Seaplane Ops at the Taj Mahouse
The Taj Mahouse is
in Shangri-La-di-da. That's in Virginia, on Jordan Point in
the James River, east of Hopewell and southeast of the Route
106/156 drawbridge. X marks the spot:
(all formats indicate the wrong house in GoogleMaps)
|N37º 18' 17.77", W77º 12' 53.29"
37º 18.300', -77º
||10463 Jordan Parkway, Hopewell, VA 23860. (Google
it for an aerial view of the river and the correct house.)
The water is fresh, but there is a 3 foot tide.
When the tide is medium or
higher, there is plenty of water everywhere for seaplane
ops. You can land anywhere, in any direction.
(What follows may look
complicated at first, but it's actually quite simple.)
At very low tide, the center of our little bay gets shallow.
During rare extremely low tides, that part of the bay becomes a
mud flat--but it's still safe to land and take off by going around
the edges. (See photo below.)
The colors suggest water depth. The blue
area ("- deep -") is always at least 15 feet deep, even at low
tide. The greenish "shallow at low tide" area can be too shallow at low tide,
and occasionally--rarely--it even becomes a mud flat.
That's when I go along the line of piers, where it's always
VIDEO--seeing is believing
Here's a cockpit video of taxiing onto
the beach at low tide. (Opens in a new window.) http://www.youtube.com/watch?v=aAwBC6R-RvY&list=UUUZxvBxevBs9vms_0QlBRqg&index=2&feature=plcp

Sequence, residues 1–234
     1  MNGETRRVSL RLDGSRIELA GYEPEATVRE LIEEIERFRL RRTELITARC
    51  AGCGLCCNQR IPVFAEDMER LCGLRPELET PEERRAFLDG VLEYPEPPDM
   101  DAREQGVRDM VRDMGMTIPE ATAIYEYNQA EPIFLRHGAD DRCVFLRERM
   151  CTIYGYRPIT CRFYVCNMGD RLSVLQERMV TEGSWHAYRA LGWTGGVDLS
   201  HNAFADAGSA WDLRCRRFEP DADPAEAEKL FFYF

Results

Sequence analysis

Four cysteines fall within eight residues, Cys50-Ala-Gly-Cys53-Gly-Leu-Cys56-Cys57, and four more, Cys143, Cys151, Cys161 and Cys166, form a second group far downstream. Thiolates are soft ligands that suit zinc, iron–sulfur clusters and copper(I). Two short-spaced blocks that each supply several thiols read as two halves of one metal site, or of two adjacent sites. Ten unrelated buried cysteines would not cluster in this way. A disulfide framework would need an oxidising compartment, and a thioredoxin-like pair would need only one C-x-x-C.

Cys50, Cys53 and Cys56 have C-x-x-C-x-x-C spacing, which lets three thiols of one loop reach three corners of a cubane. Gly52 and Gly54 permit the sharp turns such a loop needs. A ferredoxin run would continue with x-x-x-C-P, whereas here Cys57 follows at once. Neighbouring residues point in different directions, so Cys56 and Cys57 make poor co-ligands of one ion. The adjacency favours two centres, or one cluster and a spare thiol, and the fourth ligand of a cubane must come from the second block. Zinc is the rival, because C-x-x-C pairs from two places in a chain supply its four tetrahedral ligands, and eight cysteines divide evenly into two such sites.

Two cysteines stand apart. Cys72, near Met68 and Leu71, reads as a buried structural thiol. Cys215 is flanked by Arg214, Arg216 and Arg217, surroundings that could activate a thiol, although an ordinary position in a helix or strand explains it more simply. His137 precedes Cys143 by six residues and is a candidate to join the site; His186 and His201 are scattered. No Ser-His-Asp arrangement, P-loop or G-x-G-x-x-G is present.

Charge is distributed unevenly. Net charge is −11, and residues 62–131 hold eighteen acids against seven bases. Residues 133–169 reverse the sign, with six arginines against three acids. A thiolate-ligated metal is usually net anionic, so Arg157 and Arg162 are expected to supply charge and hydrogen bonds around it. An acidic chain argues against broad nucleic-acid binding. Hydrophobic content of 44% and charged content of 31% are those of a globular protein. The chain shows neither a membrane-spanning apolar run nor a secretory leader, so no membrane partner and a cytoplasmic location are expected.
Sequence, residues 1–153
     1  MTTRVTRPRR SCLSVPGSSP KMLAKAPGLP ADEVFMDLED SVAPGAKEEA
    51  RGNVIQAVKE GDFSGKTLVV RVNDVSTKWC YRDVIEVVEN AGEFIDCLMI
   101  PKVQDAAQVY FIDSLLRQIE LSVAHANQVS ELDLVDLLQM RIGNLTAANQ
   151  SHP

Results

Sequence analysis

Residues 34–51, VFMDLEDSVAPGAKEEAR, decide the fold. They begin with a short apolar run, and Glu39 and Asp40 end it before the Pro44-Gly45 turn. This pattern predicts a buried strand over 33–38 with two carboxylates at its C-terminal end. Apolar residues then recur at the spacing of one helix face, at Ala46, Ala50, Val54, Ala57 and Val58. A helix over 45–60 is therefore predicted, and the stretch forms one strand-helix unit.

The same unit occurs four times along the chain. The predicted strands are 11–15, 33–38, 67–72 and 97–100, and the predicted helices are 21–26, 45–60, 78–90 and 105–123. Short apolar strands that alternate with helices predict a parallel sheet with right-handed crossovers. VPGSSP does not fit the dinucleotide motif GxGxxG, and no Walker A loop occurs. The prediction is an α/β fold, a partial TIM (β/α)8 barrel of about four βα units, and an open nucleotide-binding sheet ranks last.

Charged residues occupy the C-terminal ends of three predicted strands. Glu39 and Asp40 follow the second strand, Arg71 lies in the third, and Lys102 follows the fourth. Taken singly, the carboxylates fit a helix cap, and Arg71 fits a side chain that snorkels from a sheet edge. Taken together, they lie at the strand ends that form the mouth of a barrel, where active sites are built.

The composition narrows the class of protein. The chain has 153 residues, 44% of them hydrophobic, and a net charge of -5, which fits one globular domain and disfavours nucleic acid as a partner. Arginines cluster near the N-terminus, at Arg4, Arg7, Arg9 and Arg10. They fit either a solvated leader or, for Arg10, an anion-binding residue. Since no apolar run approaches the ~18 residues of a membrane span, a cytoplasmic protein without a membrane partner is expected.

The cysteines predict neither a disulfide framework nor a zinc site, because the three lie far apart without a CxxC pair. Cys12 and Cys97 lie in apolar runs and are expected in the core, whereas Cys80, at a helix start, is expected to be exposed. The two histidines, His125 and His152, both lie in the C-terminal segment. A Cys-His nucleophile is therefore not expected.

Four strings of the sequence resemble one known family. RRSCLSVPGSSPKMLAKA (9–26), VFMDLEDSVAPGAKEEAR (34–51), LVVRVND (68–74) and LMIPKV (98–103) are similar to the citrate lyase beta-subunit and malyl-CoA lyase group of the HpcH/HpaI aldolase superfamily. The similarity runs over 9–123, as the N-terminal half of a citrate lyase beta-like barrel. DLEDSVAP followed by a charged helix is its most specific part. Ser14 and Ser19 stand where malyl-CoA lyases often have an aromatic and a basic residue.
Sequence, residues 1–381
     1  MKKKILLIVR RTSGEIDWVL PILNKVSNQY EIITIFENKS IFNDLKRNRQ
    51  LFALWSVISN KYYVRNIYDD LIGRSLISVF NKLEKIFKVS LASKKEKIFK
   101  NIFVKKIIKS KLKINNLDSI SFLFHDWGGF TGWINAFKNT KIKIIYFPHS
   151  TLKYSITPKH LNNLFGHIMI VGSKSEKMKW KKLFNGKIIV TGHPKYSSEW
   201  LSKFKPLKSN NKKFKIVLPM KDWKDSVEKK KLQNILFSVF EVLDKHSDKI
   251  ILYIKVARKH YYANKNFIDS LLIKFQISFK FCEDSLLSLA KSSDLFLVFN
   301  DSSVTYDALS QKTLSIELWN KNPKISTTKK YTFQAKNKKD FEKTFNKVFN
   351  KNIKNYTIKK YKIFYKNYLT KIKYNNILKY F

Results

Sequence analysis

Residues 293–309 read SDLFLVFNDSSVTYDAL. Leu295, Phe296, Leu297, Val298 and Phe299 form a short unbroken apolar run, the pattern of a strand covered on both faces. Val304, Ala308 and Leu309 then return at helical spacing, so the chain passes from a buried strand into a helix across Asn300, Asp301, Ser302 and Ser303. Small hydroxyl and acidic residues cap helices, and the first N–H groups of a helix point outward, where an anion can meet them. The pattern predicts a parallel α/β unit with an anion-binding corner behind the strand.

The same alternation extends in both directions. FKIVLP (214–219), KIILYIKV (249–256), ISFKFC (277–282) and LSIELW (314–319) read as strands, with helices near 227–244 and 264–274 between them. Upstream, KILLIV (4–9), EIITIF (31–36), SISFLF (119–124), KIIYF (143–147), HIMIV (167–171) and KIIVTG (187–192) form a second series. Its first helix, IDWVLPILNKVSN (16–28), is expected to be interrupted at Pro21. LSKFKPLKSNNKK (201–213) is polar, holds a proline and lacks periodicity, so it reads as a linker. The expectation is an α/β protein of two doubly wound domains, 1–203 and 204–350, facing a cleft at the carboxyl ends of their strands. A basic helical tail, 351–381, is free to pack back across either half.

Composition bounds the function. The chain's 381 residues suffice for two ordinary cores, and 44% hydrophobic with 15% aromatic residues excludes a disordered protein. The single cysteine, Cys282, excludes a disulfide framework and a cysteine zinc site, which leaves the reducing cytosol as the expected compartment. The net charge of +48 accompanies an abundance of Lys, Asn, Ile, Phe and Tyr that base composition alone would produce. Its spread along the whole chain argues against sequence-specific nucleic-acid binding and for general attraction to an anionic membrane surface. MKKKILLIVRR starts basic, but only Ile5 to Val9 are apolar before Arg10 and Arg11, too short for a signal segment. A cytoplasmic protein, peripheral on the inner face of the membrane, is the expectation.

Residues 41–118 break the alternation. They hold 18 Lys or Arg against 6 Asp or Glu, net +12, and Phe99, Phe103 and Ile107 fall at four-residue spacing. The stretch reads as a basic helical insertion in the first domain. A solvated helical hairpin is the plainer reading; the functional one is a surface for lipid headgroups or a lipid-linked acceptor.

TIDE PREDICTION TABLES
If you're planning ahead (or merely curious) check the tide tables
for Jordan Point:
Here's an interesting tide table.
(Opens in a new window.)
And another interesting tide table.
NOTE: These are predictions. Actual tide height is
strongly influenced by wind and magic.
ACTUAL TIDE HEIGHT
Here's a simple method for gauging the water depth. (No
Fly over our place and look for 2 stripes across the pier.
|WATER LINE AT
|DEPTH of shallowest area in center of bay
IN-shore (west) stripe
| at least 2 feet deep everywhere.
|| at least 1 foot deep.
In the photo above, the water line is INshore (west) of the green stripe. No
problem! It's deep enough everywhere for SeaReys and
Lakes. For deeper draft seaplanes you'd have to decide for
When the water line is between
the stripes, the minimum depth
in the center of the bay is between 1 and 2 feet. That's
deep enough for step-taxiing in my SeaRey, but might be shallow in
places for displacement mode.
When the water line is OFFshore (east) of the orange
stripe, avoid the shallow area. Taxi around the north end of
the shallows and keep close to the piers.
My SeaRey draws about 0.5 foot
on the step and 1.5 feet in displacement mode with the gear
up. Most of the time I can take off and land even in the
center of the bay.
If you're not sure, just stay out of the middle.
VERY LOW TIDE
The bottom is soft mud, so even
if you went aground, it wouldn't do any harm to the
airplane. The mud is slippery, so getting stuck isn't
likely, but if it happened, the tide would soon float you free.
Even at very low tide there is always enough water just off
the piers, about 100 feet out from them. When